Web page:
Sci-Fi Skyscrapers: 14 Futuristic Visions for Vertical Cities

Sand Babel
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Taking inspiration from plants as well as skeletal systems, the 3D-printed Sand Babel tower system is designed to optimize cross-ventilation, encourage water condensation on the tops of the structures, and hide infrastructure like a multi-functional tube network underground. Connected beneath the sand, the towers offer scientific research facilities and tourist attractions in desert locations, with their ‘root systems’ helping to hold the sand dunes in place.

Fibrous Towers
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Looking like part of a nervous system or the buds of a plant, this odd concept structure was envisioned as an observation tower and Taichung City Museum for Taiwan. Genetic algorithms found in natural growth processes were applied to digital models to create a system of tubes that separate and regroup to create an amorphous, flowing silhouette.

LED Observation Tower
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Standing at the junction of two rivers in Doumen, China, this 328-foot-tall observation tower features a scaled facade mimicking the movement of water as schools of fish swim and jump into the air. Standing as a landmark for the area and a symbol of environmentalism, the tower contains a ground podium, technological programs and an observation facility. At night, it’s illuminated with LED lights from the inside.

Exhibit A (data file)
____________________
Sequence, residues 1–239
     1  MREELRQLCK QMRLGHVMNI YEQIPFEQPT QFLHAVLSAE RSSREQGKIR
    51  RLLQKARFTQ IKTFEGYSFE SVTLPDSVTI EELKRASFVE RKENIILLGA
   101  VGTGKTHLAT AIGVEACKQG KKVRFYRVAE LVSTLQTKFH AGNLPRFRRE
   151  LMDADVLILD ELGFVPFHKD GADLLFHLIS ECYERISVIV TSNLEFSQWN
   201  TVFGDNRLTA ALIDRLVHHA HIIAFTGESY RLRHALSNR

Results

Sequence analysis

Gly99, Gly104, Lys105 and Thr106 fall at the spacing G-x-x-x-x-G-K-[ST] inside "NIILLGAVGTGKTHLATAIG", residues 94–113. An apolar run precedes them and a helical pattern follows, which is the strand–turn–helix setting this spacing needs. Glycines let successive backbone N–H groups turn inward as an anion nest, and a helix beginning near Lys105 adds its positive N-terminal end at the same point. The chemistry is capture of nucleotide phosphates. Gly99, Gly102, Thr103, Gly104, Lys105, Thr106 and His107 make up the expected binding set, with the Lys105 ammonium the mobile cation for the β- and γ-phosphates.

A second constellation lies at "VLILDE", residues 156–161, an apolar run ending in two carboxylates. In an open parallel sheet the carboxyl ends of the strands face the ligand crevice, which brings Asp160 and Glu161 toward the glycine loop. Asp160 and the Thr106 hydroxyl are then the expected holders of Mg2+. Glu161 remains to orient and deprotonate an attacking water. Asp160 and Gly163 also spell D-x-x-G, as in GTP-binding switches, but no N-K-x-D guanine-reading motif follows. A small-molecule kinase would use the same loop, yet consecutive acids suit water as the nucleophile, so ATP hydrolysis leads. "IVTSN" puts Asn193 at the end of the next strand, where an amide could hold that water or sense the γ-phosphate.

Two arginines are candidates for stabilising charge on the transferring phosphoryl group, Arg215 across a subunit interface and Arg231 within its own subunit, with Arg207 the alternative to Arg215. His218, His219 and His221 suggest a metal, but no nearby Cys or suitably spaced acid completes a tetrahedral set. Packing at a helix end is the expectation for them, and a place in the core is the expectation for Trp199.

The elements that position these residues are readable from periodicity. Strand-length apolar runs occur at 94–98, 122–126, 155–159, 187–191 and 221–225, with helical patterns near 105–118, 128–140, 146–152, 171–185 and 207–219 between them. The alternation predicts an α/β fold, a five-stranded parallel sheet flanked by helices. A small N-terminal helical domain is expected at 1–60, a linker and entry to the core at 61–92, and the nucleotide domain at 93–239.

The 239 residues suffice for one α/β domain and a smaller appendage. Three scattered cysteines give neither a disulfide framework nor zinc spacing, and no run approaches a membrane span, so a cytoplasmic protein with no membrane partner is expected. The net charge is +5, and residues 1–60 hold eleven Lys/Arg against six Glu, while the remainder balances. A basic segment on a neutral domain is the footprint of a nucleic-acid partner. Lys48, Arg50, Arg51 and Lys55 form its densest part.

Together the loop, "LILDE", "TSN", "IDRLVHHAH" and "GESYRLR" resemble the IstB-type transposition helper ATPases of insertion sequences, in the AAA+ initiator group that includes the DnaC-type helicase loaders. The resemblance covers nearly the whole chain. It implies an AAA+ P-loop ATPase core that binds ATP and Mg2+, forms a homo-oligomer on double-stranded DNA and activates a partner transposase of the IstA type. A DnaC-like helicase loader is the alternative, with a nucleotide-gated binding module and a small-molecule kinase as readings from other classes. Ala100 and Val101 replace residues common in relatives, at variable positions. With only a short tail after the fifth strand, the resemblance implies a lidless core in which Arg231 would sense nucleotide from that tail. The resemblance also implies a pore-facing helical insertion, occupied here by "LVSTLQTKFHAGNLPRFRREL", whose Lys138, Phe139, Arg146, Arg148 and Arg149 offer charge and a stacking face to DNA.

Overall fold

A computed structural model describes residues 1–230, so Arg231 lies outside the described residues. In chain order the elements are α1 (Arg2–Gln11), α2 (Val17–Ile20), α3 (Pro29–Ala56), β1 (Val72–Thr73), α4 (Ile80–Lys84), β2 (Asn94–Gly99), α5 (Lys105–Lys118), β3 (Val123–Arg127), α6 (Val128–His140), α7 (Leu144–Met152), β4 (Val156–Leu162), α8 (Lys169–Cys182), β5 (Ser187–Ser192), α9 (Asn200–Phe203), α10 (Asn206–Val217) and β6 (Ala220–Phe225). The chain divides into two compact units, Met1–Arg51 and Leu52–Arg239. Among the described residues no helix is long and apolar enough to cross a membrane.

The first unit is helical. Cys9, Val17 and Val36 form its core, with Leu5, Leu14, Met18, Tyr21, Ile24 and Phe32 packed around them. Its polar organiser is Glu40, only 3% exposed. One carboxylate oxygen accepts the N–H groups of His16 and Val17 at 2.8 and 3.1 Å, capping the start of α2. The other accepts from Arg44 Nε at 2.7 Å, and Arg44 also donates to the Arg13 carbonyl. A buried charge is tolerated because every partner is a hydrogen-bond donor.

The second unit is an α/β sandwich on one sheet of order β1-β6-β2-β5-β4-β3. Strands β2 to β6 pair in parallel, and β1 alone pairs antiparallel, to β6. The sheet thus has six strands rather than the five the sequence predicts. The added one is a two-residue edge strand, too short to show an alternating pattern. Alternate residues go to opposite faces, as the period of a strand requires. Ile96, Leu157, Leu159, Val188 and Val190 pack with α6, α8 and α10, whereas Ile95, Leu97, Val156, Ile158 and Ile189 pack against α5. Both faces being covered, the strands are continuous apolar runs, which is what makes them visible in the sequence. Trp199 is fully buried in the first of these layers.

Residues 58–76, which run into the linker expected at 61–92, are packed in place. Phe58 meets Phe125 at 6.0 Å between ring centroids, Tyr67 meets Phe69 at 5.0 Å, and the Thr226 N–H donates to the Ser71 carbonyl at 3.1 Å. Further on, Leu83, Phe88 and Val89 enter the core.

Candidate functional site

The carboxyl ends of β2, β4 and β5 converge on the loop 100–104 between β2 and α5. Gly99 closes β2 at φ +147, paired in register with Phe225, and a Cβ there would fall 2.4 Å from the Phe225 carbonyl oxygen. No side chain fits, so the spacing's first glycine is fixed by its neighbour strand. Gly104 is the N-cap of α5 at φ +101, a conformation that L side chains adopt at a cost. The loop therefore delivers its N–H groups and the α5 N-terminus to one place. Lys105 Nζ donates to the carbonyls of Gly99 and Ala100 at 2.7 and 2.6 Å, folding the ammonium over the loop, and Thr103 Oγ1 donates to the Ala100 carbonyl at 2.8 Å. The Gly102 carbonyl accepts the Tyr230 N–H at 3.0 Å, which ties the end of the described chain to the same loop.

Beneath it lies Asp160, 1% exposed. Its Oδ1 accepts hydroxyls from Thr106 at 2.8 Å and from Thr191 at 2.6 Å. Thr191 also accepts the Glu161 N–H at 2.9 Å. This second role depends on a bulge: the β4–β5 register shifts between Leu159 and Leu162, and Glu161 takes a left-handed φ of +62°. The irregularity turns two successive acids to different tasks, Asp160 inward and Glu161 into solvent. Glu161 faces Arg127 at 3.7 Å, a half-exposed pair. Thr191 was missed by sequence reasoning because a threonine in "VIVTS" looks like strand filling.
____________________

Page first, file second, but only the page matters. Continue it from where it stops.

Climatology Tower
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“If the city is sick, what should we do?” ask the designers of the Climatology Tower. The answer is a research center that “evaluates meteorology and corrects the environment through mechanical engineering.” The tower purifies the air and water, collects and generates solar energy, inspects the local microclimate, offers green public space at its base and communicates with its sister towers around the world.

Spiraling Skyscraper for Taichung
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Over 1300 feet tall, this iconic green tower is “an evolving column of life” acting as a vertical museum for Taichung, Taiwan, rotating to provide optimal views of historical landmarks around the city as visitors move up through the tower. The ‘roots’ start in the oldest part of Taiwan’s history, and as guests ascend, they also pass through time. The tower also acts as a carbon sequester, and its spiral form allows wind to pass through it to decrease structural loads and harvest energy.